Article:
Do you struggle to keep up with the latest technology? Just when you started to understand the internet, social media, smartphones and smart-whatever showed up. Are you ready for AI—artificial intelligence—or VR—virtual reality—the next big technology that is just around the corner? And what comes after that?
If you thought you could get away from all of this by dying, think again! Whether you are a technophobe or embrace the most current technology, when you pass away, someone still has to handle your “digital assets.”
Digital asset is a new term used to define all of your electronic files, records, accounts—from whatever source—that you have a right to use. These include your online bank accounts, iTunes and Amazon accounts, email accounts, online subscriptions and social media accounts, just to name a few.
While you hardly give a second thought to how your digital assets are managed while you are alive, your trustees and heirs are stuck dealing with the digital world you leave behind. Just ask the parents of a fifteen-year-old Virginia boy who wanted access to their son’s Facebook account (see original article), or the widow who was denied access to her late husband’s Apple ID account (see original article).
This is why Arizona recently adopted a new law allowing access to digital assets by fiduciaries such as trustees, conservators and personal representatives. The Fiduciary Access to Digital Assets Act becomes effective in Arizona on August 6, 2016. Among others, this Act was endorsed by AARP, Facebook and Google.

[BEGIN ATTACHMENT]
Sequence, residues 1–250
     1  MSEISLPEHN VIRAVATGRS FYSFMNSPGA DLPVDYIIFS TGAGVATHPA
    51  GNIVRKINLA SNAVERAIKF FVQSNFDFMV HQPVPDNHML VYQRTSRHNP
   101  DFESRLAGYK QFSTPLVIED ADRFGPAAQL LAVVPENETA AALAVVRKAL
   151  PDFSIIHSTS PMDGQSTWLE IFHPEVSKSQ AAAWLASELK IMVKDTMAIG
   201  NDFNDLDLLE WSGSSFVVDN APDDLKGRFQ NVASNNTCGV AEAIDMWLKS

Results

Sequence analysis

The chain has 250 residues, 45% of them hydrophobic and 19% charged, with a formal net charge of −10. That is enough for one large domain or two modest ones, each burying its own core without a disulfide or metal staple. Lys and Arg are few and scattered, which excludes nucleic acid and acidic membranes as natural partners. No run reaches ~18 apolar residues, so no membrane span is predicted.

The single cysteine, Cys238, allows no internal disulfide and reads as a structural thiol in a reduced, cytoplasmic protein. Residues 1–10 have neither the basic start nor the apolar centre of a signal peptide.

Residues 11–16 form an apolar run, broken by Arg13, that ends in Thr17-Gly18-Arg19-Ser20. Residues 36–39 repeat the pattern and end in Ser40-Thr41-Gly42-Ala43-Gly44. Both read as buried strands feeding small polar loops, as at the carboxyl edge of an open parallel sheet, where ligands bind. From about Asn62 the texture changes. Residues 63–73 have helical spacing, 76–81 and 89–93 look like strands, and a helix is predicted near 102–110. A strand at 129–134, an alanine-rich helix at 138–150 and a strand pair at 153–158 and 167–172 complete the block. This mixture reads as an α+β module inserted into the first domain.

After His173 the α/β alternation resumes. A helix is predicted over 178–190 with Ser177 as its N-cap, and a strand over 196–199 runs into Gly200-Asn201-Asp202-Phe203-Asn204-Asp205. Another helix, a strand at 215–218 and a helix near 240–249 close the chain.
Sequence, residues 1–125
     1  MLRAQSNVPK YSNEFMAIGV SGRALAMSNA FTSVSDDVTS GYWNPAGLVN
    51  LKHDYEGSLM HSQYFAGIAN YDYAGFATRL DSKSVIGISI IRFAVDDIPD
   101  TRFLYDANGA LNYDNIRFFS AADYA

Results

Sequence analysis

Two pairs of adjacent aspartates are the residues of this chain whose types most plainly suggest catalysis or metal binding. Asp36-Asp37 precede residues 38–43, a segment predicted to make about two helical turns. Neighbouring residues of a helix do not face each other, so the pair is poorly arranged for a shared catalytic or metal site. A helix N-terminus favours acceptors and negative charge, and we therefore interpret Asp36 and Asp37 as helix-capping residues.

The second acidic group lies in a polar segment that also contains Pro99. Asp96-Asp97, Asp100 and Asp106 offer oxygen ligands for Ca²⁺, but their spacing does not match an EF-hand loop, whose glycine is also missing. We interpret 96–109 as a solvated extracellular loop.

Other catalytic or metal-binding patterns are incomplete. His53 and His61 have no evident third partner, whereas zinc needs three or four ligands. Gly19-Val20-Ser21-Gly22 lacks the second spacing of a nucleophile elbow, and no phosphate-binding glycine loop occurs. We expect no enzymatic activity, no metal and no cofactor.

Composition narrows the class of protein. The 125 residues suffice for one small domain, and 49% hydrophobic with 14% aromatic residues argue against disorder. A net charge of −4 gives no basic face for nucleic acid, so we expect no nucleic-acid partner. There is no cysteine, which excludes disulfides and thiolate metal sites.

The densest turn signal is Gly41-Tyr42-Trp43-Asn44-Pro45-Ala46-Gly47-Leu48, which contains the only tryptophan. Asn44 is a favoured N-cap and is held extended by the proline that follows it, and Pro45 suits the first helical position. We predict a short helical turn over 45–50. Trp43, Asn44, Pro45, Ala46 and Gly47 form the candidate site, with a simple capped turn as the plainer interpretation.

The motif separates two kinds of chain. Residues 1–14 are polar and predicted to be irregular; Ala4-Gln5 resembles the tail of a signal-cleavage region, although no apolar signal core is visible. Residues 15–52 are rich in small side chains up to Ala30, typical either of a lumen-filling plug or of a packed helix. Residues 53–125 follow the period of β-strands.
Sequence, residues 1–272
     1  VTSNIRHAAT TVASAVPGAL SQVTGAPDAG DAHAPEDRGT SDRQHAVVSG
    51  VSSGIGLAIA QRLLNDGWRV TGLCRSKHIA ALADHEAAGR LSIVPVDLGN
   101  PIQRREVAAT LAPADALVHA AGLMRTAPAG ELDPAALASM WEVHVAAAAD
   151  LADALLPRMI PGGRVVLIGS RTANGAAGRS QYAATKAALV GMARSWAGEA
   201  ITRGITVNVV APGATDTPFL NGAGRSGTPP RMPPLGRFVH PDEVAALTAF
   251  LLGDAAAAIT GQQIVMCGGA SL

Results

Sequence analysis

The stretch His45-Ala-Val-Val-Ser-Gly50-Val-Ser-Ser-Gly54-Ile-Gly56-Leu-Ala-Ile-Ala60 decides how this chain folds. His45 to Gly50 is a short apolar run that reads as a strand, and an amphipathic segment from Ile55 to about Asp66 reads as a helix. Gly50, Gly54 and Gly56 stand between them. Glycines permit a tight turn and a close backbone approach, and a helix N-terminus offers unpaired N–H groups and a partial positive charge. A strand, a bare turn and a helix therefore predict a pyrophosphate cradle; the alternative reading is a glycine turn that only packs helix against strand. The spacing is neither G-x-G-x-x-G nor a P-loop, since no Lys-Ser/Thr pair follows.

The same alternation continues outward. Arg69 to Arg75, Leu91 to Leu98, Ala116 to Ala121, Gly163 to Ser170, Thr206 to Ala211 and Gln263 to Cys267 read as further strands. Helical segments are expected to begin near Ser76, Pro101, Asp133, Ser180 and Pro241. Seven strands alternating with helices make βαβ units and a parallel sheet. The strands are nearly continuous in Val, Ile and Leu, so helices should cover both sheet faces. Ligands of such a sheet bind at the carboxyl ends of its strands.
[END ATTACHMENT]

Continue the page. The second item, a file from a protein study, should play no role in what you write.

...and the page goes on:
The Act does some important things, like giving fiduciaries access to some digital assets. For example, a fiduciary will have access to manage a person’s computer files and web domains, but without more, the fiduciary won’t have access to email, text messages or social media accounts.
While the Act is an important step in the right direction, there is more that you must do to protect your digital assets. One of the simplest things is to give consent for a fiduciary to have access to your digital assets. That requires specific language in your trust, will and power of attorney which specifies which digital assets a fiduciary can have access to.
To save loved ones the headache of managing the digital footprint left behind, every adult should have an estate plan which deals with digital and other assets.
Kevin Kinghorn’s practicality, expertise and experience allow him to help his clients wade through complicated issues to find custom solutions to his clients’ individual circumstances and needs. Even more, Kevin enjoys the friendships and lasting relationships that are created with his clients. If you would like to make an appointment to find out how we can help protect your legacy, call (520) 529-4000, or visit us online at www.KHarizona.com.